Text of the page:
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Poker for Dummies - Harroch R.

Harroch R. Poker for Dummies - Wiley publishing , 2003. - 314 p.
Download (direct link): pokerfordumm2003.pdf
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i* How To Win at Low Limit Casino Poker, by Shane Smith, includes general strategies for low-limit play, and specific sections on Texas Hold’em, Omaha/8, Seven-Card Stud, and low buy-in tournament poker. It is well researched, well written and a good book for beginning players. Smith is also the author of Omaha Hi-Lo Poker. While Omaha Hi-Lo Poker is full of sound advice, we recommend that beginners become familiar with Texas Hold’em before venturing into an Omaha/8 game. But when you’re ready to learn Omaha, Smith’s book on Omaha should be your primer.
Hotd’em books for beginners
The following books should keep the aspiring Texas Hold’em player busy for a while:
v" Hold’em Excellence: From Beginner to Winner, by Lou Krieger
More Hold’em Excellence: A Winner For Life, by Lou Krieger
i* Winning Low Limit Hold’em, by Lee Jones
Actually, there is more than enough information in these three books to turn any newbie into a competitor who is far more knowledgeable than most beginning players. In fact, there’s enough information in these books to make a winning player out of anyone willing to study and apply the concepts they learn.
Se den-Card Stud books for beginners
Two books can give beginning stud players a solid grounding in the game:
Seven-Card Stud: The Complete Course in Winning at Medium and Lower Limits, by Roy West
Seven-Card Stud: The Waiting Game, by George Percy
West’s book is newer, easier to read, and broken down into lessons that make it easy for any beginner to get a good handle on the game.
Chapter 16: Learning More about Poker
Books (or advanced players
It’s probably not surprising that there are more books written for advanced players than beginners, even though there are far more beginning players than those skilled enough to consider themselves a cut above the beginner’s rung. Poker authors, after all, are not beginning players, and the natural temptation is to write to one’s own level of expertise rather than to write for those who are not quite so advanced.
Once you’ve mastered the basics, here are some additional books you’ll probably want to study to take your own game to the next level.
The "Championship" series
The Championship series of books, written by former World Champion Tom McEvoy and a man generally regarded as one of the best tournament players in the world, T. J. Cloutier, comprises the following:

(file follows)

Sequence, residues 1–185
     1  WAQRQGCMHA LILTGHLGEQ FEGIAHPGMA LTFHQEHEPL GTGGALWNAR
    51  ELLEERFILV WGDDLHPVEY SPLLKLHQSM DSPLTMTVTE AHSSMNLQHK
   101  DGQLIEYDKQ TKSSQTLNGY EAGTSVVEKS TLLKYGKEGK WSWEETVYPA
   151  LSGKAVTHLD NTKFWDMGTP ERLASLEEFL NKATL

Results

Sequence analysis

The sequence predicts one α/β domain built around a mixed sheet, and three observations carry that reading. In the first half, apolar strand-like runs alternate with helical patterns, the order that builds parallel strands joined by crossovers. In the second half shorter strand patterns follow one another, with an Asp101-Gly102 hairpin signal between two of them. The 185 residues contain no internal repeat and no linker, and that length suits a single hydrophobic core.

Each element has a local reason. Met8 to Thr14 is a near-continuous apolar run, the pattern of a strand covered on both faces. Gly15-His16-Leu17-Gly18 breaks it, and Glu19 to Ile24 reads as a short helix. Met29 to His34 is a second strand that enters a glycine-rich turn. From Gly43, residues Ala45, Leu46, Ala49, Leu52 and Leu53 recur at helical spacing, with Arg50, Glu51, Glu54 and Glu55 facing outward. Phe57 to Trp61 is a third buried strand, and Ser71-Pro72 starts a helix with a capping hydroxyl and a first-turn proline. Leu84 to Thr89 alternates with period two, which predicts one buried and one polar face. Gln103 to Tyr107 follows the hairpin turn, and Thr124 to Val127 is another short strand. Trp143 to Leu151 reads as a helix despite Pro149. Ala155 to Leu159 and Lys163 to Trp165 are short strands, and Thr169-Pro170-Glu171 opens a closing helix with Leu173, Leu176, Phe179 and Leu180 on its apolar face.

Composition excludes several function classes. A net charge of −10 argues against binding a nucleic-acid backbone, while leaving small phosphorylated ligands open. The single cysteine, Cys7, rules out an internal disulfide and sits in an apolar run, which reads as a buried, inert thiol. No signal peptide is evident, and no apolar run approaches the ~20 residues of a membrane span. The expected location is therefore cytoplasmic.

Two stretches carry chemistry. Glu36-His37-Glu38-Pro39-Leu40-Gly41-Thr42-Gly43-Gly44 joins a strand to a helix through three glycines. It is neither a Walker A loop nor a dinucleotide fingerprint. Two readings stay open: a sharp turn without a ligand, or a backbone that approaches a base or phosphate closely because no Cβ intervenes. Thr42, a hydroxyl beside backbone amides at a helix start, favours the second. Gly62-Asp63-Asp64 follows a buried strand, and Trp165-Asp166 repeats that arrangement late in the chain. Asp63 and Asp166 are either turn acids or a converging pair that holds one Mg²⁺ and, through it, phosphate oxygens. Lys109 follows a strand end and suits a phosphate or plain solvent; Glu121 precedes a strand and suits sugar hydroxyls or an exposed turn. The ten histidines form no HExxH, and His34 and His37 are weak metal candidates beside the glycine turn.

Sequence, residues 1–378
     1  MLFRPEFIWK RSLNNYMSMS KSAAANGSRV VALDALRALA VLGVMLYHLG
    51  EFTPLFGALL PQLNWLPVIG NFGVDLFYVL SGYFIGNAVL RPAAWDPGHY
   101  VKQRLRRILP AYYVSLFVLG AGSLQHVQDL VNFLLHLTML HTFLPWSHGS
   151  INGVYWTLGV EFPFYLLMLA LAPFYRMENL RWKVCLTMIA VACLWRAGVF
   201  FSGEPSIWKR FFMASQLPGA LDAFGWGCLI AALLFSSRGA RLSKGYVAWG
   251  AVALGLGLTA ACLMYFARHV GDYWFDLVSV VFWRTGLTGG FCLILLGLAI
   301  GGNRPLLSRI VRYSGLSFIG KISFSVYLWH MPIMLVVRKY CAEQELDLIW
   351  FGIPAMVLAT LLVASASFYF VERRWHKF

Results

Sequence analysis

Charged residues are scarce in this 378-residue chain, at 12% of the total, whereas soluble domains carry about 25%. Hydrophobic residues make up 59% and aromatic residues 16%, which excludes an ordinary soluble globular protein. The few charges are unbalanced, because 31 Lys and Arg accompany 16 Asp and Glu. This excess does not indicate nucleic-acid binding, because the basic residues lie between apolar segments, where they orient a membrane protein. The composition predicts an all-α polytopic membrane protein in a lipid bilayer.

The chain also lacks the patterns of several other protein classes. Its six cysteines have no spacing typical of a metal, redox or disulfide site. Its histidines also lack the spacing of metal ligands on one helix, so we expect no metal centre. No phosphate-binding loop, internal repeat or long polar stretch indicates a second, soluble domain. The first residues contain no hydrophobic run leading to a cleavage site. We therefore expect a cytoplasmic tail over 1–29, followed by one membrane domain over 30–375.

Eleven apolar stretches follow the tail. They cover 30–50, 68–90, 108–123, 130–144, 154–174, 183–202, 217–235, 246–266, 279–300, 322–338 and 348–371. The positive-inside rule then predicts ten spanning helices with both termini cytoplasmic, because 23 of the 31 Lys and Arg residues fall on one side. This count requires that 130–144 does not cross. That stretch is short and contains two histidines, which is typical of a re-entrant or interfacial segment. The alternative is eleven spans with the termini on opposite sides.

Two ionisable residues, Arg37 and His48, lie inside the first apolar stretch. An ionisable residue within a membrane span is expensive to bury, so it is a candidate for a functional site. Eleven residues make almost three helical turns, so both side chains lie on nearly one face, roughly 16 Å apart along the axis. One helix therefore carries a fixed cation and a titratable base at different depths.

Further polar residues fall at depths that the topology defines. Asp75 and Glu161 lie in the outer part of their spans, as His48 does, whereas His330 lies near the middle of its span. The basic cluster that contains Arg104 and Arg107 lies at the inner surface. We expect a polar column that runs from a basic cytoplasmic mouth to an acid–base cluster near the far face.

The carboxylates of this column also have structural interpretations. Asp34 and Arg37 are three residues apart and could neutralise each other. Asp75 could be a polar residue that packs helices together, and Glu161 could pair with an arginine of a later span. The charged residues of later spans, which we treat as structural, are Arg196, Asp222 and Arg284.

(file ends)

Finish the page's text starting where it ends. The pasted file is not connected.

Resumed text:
| Championship Stud
!v* Championship Hold’em Championship Omaha 1 v0 Championship No-Limit and Pot Limit Hold’em
These books contain expert level advice from two highly regarded tournament professionals. The books are pragmatic and conversational in tone. Reading them is almost like listening to a tape recording of a conversation between two top players.
The “For Advanced Players" series
The “For Advanced Players” series of books is written by David Sklansky, Mason Malmuth, and, on occasion, Ray Zee. The series includes:
| v* Seven-Card Stud For Advanced Players
| Hold’em Poker For Advanced Players
1 v0 High-Low Split Poker For Advanced Players (contains sections on I Omaha/8 and Seven-Stud/8)
The For Advanced Players series and the Championship series are very different in tone, but it’s that very difference that makes them complementary. Sklansky, Malmuth, and Zee lean heavily toward theory that is based on sound analytical and mathematical underpinnings. The Championship series is much more conversational in tone, and takes you into the inner thoughts of professional players in the heat of battle.
Part IV: More Poker Fun
Tournament poker
We recommend two books for tournament players:
v* Tournament Poker, by Tom McEvoy, is probably the best book of its kind. McEvoy won the World Series of Poker in 1983, and has played poker professionally for more than two decades. This is a 340-page compendium of poker tournament advice, geared for experienced players.
v* Poker Tournament Tips From the Pros, by Shane Smith, is a good read for those new to tournament poker or for those seeking to enjoy themselves in smaller events (where the buy-ins are considerably less than what the big guns play for).
Other recommended books
A number of other books are worth reading, too. Bob Ciaffone’s books,
Omaha Hold’em Poker and Pot-Limit and No-Limit Poker, (the latter coauthored by Stewart Reuben), contain solid advice for experienced players, and both belong in the library of any serious player.
David Sklansky’s Getting the Best of It, Mason Malmuth’s Gambling Theory and Other Topics, along with his Poker Essays, and Poker Essays — Volume II, are also highly recommended. Another collection of essays is also worth reading — this one by long-time Card Player columnist and Las Vegas-based professional poker player Roy Cooke — titled, Real Poker: The Cooke Collection.
If you want to supplement all of this technical material with some books that give you the flavor of poker, we recommend The Biggest Game In Town, by A. Alvarez, which is about the World Series of Poker and its participants.
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